Thanks to major advances in cognitive neuroscience, the world is on the brink of a scientific understanding of how the brain achieves consciousness. In 1988, cognitive neuroscientist Bernard Baars’ proposed a Global Workspace Model (GWM) of the brain, sketched its computer architecture, and outlined its implications for understanding consciousness. In 1990, the invention of fMRI enabled us to witness brain functioning in real time. As a consequence, the quest to understand consciousness, once the purview of philosophers and theologians, is now actively pursued also by scientists and mathematicians.
This talk discusses consciousness from the perspective of theoretical computer science. Its major contribution lies in the precise formal definition of a Conscious Turing Machine (CTM), also called Conscious AI. The CTM is defined in the spirit of Alan Turing’s simple yet powerful definition of a computing machine, the Turing Machine (TM), as a way to formalize rigorously, explicitly, mathematically and simply Baars’ GWM.
The reasonableness of definitions of consciousness in the CTM can be judged by how well its concepts agree with the commonly agreed-upon intuitive concepts of human consciousness.
This is joint work of Manuel, Lenore and Avrim Blum.
Lenore Blum (Ph.D., MIT) is Distinguished Career Professor of Computer Science, Emeritus, at Carnegie Mellon, where she was founding director of Project Olympus, faculty director of the Swartz Center for Entrepreneurship, and held the inaugural Deans’ Chair in Technology Entrepreneurship. Project Olympus is a good example of her determination to make a real difference in the academic community and the world beyond. Olympus has two main aims: to bridge the gap between cutting-edge university research/innovation and economy-promoting commercialization for the benefit of our communities and creating a climate, culture and community to enable talent and ideas to grow in the region. Lenore is internationally recognized for her work in increasing the participation of girls and women in Science, Technology, Engineering and Math (STEM) fields. She was a founder of the Association for Women in Mathematics and the Expanding Your Horizons Network for middle and high school girls. At Carnegie Mellon she founded the Women@SCS program. In 2004 she received the U.S. Presidential Award for Excellence in Science, Mathematics and Engineering Mentoring. In 2009 she received the Carnegie Science Catalyst Award recognizing her work with Project Olympus targeting high-tech talent to promote economic growth in the Pittsburgh region and for increasing the participation of women in computer science. Currently, women comprise 50% of the undergraduate computer science majors at Carnegie Mellon, more than twice the national average. Her research, founding a theory of computation and complexity over continuous domains, forms a theoretical basis for scientific computation. On the eve of Alan Turing’s 100th birthday in June 2012, she was plenary speaker at the Turing Centenary Celebration at the University of Cambridge, England. Her current research, on developing a computer architecture for a conscious AI inspired both by Alan Turing and recent developments in cognitive neuroscience, is joint with her husband Manuel Blum and son Avrim Blum.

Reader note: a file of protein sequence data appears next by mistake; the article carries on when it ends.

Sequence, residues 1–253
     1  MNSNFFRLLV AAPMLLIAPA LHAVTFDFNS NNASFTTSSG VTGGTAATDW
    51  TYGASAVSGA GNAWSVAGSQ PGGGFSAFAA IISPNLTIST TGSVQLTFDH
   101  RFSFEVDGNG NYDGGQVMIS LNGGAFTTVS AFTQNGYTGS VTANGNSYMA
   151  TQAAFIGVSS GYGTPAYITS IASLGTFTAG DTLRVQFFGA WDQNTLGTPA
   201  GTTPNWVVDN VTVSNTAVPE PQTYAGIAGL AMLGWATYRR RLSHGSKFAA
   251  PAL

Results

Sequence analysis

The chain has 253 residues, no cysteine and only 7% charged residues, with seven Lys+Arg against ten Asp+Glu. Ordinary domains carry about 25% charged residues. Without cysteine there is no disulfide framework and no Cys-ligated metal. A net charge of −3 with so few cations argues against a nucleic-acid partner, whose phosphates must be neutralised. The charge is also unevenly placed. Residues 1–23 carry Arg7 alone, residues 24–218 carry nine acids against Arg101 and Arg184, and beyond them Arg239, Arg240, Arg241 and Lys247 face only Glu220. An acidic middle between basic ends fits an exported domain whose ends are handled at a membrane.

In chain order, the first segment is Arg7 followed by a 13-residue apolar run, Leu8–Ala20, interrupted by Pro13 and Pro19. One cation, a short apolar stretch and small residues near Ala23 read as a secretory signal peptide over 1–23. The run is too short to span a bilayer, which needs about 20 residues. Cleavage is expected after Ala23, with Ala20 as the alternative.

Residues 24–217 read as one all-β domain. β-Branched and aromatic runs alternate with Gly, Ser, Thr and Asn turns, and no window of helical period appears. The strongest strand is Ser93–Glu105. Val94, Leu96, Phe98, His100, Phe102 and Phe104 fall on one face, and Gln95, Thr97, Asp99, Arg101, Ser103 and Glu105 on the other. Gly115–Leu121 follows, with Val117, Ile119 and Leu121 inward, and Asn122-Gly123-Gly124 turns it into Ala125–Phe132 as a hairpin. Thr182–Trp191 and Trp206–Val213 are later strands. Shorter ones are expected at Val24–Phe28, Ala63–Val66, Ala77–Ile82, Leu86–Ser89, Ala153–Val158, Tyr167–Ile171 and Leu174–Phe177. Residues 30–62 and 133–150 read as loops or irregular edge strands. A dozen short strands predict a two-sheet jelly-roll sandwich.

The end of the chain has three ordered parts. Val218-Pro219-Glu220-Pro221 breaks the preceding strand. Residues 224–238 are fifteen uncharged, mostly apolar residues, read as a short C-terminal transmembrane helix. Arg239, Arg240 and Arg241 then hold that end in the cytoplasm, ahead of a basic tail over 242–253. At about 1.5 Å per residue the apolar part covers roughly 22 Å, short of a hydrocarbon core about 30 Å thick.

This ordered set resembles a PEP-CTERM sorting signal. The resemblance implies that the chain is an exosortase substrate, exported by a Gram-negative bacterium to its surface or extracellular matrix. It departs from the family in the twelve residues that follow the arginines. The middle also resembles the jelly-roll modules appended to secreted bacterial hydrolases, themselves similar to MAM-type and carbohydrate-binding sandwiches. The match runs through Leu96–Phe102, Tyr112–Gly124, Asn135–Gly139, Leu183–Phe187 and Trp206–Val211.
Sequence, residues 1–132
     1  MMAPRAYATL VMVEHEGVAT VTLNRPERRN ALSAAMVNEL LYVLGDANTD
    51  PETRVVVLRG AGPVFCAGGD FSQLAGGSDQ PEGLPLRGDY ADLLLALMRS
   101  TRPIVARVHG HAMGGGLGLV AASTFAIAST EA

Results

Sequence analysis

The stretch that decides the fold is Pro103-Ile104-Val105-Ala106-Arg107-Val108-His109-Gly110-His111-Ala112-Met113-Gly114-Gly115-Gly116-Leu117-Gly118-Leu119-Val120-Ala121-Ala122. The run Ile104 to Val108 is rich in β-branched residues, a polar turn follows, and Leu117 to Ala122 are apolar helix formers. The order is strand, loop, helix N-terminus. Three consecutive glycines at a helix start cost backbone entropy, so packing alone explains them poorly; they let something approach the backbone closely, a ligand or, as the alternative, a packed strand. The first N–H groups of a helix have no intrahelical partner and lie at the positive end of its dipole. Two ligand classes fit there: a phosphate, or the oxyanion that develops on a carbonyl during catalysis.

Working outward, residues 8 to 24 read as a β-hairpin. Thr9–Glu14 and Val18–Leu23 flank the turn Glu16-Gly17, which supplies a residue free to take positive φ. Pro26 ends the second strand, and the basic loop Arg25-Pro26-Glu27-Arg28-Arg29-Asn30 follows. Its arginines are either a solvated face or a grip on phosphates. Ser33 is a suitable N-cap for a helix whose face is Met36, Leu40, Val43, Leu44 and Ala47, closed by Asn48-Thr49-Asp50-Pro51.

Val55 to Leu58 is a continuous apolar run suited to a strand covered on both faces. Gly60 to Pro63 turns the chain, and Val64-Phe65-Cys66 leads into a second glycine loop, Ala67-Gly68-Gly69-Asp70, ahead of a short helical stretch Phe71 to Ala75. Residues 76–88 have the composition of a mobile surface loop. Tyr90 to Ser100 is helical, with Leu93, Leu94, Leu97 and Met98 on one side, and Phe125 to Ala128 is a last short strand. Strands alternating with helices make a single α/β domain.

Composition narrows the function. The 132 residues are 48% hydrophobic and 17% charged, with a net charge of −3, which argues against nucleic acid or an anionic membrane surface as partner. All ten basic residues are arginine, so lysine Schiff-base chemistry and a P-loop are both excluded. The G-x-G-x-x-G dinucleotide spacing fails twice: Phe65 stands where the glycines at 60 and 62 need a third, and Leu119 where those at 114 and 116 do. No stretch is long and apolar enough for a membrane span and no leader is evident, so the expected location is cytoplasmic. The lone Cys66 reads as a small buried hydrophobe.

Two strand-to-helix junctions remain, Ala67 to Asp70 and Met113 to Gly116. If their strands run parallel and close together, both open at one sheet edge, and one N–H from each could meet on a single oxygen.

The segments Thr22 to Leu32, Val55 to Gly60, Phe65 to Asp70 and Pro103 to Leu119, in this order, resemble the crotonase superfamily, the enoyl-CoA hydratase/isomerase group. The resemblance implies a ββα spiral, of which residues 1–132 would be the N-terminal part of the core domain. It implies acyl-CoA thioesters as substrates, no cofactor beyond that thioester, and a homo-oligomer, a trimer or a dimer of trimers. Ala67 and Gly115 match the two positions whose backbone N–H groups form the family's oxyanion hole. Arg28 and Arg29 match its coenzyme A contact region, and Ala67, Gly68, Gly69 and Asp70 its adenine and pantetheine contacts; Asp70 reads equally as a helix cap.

Manuel Blum , the Bruce Nelson University Professor of Computer Science, Emeritus, at Carnegie Mellon University, is a pioneer in the field of theoretical computer science and the winner of the 1995 Turing Award in recognition of his contributions to the foundations of computational complexity theory and its applications to cryptography and program checking, a mathematical approach to writing programs that check their work. He was born in Caracas, Venezuela, where his parents settled after fleeing Europe in the 1930s and came to the United States in the mid-1950s to study at the Massachusetts Institute of Technology. While studying electrical engineering, he pursued his desire to understand thinking and brains by working in the neurophysiology laboratory of Dr. Warren S. McCulloch and Walter Pitts, then concentrated on mathematical logic and recursion theory for the insight it gave him on brains and thinking. He did his doctoral work under the supervision of Artificial Intelligence pioneer Marvin Minsky and earned a Ph.D. from MIT in mathematics in 1964. Blum began his teaching career at MIT as an assistant professor of mathematics and, in 1968, joined the faculty of the University of California at Berkeley. He joined the Carnegie Mellon faculty in 2001. Blum has supervised the theses of 35 doctoral students who now pepper almost every major computer science department in the country. The many ground-breaking areas of theoretical computer science chartered by his academic descendants are legend.